Probably the most important factor is the fact that the Confederacy was in a defensive war. It was merely a matter of time before its inevitable defeat. One cannot defend a position indefinitely.
If the South had in fact, taken the war to the North instead of forcing them back and then defending it’s position, (like Korea & Vietnam) it is quite possible the outcome would have been different. After the first three years of battle, the soldiers in the Confederate army were simply worn out. Fresh troops had long since expired, most of the remaining troops had been in since the beginning.

Meanwhile, the US had gained it’s momentum, trained it’s military troops and organized it’s forces and taxed the hell out of its citizens, thus overwhelming the South.

damned Yankees… :wink:

I always thought that the South had an advantage because it didn’t HAVE to win the war. All it had to do was last long enough for the North to get tired of figthing. The North, on the other hand, had to win.

That’s the point, the South had no clear objectives other than to defend itself. If the south had an unlimited supply of munitions and manpower they could have held out for longer.

Like you said, "All it had to do… but it could only last so long, right? However long manpower and munitions and morale lasted, after that it’s just a matter of time. As far as the North getting tired of fighting goes…sure, but when you keep fresh troops available, see?

as far as actually winning, that’s a little more tricky. There really wasn’t a winner, I mean what was won? The North kept the South from secession, actual defeat is debatable as well. The South surrendered, (all but Texas).:wink:

It was just too damned costly to continue, it was obvious the South had missed its chance at victory. There was no sense in continuing. Not that there weren’t plenty that wanted to. Most just wanted to go home, what was left of it, hopefully to find family alive and maybe salvage some kind of life.
How long could you defend your house for example? Get as many people, weapons, food, etc. as much as you can put into your house and defend it. Let say the ATF, decides it’s going to confiscate your property and incarcerate or kill the inhabitants if need be. You can’t leave and no one can enter.

Its just a matter of time!

When I talked about the North getting tired of fighting, I wasn’t referring strictly to battle fatigue, I was also including the social and political aspects.

Mothers will get tired of sending their children off to die. People whose homes have been shot up because they had the misfortune to be located near a battle will become angry and wish the war would just go ahead and be over with. Politicians receive complaints about the body count and might try to achieve popularity by campaigning for peace.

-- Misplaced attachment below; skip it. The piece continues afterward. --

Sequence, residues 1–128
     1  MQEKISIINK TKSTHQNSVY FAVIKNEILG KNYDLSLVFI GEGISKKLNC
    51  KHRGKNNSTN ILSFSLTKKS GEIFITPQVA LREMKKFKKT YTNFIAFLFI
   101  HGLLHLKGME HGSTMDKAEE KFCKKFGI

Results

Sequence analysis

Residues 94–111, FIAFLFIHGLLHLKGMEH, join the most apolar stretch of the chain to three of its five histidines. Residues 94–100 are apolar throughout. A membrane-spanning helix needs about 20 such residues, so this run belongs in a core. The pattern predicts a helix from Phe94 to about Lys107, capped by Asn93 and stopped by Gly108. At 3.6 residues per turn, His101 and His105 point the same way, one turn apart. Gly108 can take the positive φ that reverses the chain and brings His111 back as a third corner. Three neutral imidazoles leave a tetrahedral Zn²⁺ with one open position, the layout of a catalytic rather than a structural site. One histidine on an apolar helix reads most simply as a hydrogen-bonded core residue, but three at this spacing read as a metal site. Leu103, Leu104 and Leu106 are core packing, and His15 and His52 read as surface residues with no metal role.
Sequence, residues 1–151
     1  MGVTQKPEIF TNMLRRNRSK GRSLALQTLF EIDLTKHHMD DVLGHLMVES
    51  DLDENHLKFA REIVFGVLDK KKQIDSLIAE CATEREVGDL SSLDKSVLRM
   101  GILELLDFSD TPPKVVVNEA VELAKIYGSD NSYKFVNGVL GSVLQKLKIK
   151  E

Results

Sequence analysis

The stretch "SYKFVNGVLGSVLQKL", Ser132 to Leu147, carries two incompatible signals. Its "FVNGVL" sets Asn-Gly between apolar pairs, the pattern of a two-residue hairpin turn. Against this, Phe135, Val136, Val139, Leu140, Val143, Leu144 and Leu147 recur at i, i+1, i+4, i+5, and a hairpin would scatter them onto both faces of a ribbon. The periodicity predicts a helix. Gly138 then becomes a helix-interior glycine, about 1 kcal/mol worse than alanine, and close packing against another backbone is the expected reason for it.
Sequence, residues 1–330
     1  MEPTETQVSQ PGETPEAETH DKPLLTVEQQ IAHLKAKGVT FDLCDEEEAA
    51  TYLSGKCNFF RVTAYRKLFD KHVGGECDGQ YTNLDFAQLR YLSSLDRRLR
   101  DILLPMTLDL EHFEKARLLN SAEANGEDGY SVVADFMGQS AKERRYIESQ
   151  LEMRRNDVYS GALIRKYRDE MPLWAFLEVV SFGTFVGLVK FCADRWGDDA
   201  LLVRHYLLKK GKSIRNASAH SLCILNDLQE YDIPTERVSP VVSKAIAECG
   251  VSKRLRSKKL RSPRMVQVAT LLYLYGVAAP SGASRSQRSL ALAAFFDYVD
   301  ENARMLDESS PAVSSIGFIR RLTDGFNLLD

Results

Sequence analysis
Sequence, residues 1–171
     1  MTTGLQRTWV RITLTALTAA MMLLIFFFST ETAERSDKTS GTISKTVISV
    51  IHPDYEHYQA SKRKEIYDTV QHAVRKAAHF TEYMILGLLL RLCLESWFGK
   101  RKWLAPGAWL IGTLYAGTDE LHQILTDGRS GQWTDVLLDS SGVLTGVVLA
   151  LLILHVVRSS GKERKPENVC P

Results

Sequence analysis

Had the South been able to hold out long enough, eventually the North was going to decide that unity is more trouble than it’s worth.

The ATF analogy doesn’t really hold up because pitting the government versus me and my friends isn’t nearly on the same scale as the North vs. South.

It became pretty obvious early on that neither side had the ability to destroy any of the other’s armies. As close as it came was Grant’s capture of a significant Confederate force at Fort Donelson in February 1862, and at Vicksburg in July 1863. Lee’s triumphs at Chancellorsville in May 1863, and at Second Bull Run in August 1862, and Bragg’s victory at Chickamauga did not destroy the opposing Union force. The actual fighting had turned into a straight up slugging match by the summer of 1863. In that setting the economic and industrial potential of the adversaries became decisive, especially with Sherman’s Atlanta and Georgia campaigns that eliminated significant Southers economic and industrial support for the armies and Sheridan’s harrowing of the Shenandoah Valley. The Confederacy could not win, or even stalemate, a long war. The North could not lose a war if it kept up the resolve to fight the thing to the end. This is why the election of 1864 was so important. The election was a clear statement of Northern resolution to win the war and suppress the rebellion.

Since no one responded to Friedo, I’ll go.

Both nations assumed that the war would be short. The Confederacy did not plan economically for more than a year - and actually, a few months. The confederate financier (forget the name) floated two far too small loans, and had only a little specie. After Bull Run, they were nearly broke.

Things got really bad after that. They switched to paper, and started pritint out huge gobs of the stuff. There was hyperinflation not exceeded until Germany in the Great Depression. The lot of the average person got very hard indeed. Plus, soldiers consripted supplies and paid in the worthless paper currency.

The North planned for a longer war (not actually as long as would be needed, but their plans changed before they got in a crunch) and had many more financial resources to draw upon.